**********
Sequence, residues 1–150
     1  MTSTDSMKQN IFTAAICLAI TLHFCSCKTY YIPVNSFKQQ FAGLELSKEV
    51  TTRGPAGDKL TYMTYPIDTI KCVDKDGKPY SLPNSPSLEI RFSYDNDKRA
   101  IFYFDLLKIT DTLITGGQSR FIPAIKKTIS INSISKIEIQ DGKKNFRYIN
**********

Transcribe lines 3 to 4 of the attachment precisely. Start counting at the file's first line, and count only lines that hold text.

    51  TTRGPAGDKL TYMTYPIDTI KCVDKDGKPY SLPNSPSLEI RFSYDNDKRA
   101  IFYFDLLKIT DTLITGGQSR FIPAIKKTIS INSISKIEIQ DGKKNFRYIN